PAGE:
He's qualified because: Became one of 16 three-time champions in the 39-year history of the state tournament when he defeated Clovis North's Vince Rodriguez 2-1 in overtime in the final, capping a 45-1 season and upping his career record to 130-2. Next season, he will attempt to join Bakersfield's Darrell Vazquez as the state's only four-time champions.
Following his success at some of the nation's premier youth tournaments, Alex Cisneros was projected for greatness before he stepped foot on a high school wrestling mat.
And he certainly hasn't disappointed during three spectacular seasons at Selma High.
"His freshman year [winning the title] at 103 was understandable because he was just better than most everyone at that weight," Selma coach Sam Lopez said. "But this year, when you go up to 125s, you are dealing with a lot bigger kids. He had a lot of close matches. Not just Rodriguez, but the kid Ali Naser from El Camino Real and Fabian Garcia from Turlock. But somehow, he found a way.
"A true champion will always find a way to win, no matter if it's not pretty. And this guy always finds a way to win."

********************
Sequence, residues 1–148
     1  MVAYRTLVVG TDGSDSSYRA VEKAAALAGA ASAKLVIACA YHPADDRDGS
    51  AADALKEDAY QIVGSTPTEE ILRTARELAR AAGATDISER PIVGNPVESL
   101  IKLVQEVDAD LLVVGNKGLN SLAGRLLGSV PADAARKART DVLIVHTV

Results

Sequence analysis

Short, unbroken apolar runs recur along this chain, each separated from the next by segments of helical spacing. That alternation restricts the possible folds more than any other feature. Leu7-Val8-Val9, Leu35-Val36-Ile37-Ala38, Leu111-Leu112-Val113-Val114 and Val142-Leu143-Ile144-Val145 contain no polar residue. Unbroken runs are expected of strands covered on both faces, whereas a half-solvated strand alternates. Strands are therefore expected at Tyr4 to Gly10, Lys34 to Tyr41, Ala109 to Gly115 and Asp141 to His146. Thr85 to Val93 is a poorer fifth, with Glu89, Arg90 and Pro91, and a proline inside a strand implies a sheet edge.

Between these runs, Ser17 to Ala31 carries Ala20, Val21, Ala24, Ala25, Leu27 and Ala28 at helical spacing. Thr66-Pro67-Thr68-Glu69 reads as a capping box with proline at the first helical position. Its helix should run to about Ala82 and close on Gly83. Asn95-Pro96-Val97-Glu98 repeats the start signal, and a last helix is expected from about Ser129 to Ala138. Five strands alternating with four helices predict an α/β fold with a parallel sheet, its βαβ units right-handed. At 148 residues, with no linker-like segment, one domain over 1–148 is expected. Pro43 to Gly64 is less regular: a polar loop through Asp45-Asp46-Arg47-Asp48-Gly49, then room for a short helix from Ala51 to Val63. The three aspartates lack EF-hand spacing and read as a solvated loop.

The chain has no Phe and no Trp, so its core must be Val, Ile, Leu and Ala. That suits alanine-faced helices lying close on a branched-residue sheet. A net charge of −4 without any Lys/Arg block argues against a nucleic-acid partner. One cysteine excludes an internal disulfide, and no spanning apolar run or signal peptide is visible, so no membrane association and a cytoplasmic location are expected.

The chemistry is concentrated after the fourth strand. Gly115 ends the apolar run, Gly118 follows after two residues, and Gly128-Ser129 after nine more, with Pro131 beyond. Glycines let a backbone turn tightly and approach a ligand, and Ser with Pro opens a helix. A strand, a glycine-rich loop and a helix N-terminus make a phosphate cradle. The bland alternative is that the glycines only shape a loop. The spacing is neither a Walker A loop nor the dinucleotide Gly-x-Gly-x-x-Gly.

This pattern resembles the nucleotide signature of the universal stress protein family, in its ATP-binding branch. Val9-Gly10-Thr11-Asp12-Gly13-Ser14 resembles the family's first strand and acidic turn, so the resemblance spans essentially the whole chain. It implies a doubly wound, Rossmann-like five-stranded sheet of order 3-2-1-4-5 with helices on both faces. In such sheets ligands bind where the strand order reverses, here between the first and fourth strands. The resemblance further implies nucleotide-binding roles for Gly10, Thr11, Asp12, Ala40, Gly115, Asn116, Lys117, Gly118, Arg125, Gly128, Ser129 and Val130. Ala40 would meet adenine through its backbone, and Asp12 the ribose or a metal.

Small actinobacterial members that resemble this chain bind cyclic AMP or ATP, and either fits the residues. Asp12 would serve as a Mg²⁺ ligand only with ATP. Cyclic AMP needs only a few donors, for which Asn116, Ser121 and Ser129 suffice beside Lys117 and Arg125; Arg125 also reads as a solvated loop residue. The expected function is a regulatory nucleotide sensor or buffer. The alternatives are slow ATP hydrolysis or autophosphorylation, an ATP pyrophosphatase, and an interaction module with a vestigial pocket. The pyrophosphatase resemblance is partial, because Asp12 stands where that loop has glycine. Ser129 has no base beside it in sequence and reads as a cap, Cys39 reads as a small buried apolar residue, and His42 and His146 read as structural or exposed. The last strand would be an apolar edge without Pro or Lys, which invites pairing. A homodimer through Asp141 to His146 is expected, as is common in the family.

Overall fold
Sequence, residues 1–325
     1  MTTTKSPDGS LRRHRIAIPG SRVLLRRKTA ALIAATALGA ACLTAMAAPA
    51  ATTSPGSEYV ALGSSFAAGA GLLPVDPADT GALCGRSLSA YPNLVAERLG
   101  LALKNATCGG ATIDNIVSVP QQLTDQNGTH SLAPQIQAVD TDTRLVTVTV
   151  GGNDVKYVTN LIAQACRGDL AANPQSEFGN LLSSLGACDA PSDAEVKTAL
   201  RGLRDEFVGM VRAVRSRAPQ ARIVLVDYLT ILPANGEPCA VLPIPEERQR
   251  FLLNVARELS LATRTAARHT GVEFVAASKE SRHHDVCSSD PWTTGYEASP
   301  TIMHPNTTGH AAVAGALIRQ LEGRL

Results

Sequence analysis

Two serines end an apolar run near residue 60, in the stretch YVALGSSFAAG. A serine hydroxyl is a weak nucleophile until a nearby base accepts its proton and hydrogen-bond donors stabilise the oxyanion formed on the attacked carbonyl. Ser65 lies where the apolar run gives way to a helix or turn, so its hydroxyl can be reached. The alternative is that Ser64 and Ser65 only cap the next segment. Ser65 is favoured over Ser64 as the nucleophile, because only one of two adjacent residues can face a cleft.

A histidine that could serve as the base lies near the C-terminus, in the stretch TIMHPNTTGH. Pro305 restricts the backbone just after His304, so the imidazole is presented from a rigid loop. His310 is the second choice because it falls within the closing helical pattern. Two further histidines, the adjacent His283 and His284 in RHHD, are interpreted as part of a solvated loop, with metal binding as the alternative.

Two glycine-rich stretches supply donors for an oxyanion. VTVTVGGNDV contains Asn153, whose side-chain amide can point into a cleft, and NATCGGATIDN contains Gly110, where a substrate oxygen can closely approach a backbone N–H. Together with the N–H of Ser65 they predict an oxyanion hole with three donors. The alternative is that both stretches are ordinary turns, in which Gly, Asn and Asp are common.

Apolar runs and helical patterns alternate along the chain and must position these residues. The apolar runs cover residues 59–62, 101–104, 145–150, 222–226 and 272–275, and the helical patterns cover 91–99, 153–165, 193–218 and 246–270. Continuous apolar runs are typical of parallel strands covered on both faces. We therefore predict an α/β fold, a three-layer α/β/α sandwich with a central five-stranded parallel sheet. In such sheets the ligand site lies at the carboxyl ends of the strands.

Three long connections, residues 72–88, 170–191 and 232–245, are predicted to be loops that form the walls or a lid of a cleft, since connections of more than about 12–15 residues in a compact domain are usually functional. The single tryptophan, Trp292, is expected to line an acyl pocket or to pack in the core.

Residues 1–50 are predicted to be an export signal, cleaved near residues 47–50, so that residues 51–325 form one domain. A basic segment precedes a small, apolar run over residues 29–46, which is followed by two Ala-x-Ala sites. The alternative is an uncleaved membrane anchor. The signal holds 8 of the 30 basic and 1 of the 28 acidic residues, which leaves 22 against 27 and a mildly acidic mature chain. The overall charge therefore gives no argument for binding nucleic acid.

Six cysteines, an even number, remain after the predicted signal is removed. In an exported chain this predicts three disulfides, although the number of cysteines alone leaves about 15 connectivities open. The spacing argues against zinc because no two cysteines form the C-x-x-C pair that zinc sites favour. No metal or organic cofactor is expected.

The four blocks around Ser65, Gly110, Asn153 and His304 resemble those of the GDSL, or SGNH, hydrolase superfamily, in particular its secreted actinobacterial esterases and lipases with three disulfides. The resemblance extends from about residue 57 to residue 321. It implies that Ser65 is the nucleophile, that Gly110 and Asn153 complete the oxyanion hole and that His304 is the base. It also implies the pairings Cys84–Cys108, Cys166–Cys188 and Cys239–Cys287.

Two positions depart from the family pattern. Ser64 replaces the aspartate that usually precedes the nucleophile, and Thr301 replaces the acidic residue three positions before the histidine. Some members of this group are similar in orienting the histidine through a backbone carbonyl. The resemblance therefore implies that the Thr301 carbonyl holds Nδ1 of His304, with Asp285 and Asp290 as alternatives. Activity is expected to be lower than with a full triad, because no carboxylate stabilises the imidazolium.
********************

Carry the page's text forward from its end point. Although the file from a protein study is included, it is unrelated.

All Cisneros has wanted to do since donning Selma's black and orange singlet is win. And that's virtually all The Bee's Wrestler of the Year has done.
Cisneros is 130-2 in three varsity seasons – never losing to a wrestler from California – while gaining confidence from his past success and the work he's put in to get to the top.
"I know I can repeat every year," Cisneros said. "I just have to come back a lot stronger than the year before."
And next season, he will balance the demands of what's sure to be an intense recruiting battle for his college services with the challenge of doing what many in the wrestling community don't want to see happen – Cisneros joining Vasquez as a four-time state champ.
Of the five freshman champions before Cisneros, only Vasquez, Independence-San Jose's Jacob Palomino and Central Catholic-Modesto's Louis Bland went on to reach four state finals. The other two – Cisneros' older brother Joe and Oakdale's Trevor Machado-Ching – reached the finals twice. Joe Cisneros was a three-time medalist for Bakersfield.
"I'm sure a lot of people at the state meet want to see the kid lose, and you can feel that," Lopez said. "I remember watching [Vasquez] and thinking, 'I don't want to see a four-timer.' Now, we're going to be in that situation."
If that bothers Cisneros, he's not letting on.
"I know a lot of people are watching me to see if I'll fail. I try to focus on not letting that happen," Cisneros said. "Whether they are rooting for me, or not, they are there to watch me and I feed off that. I try to put on a show."
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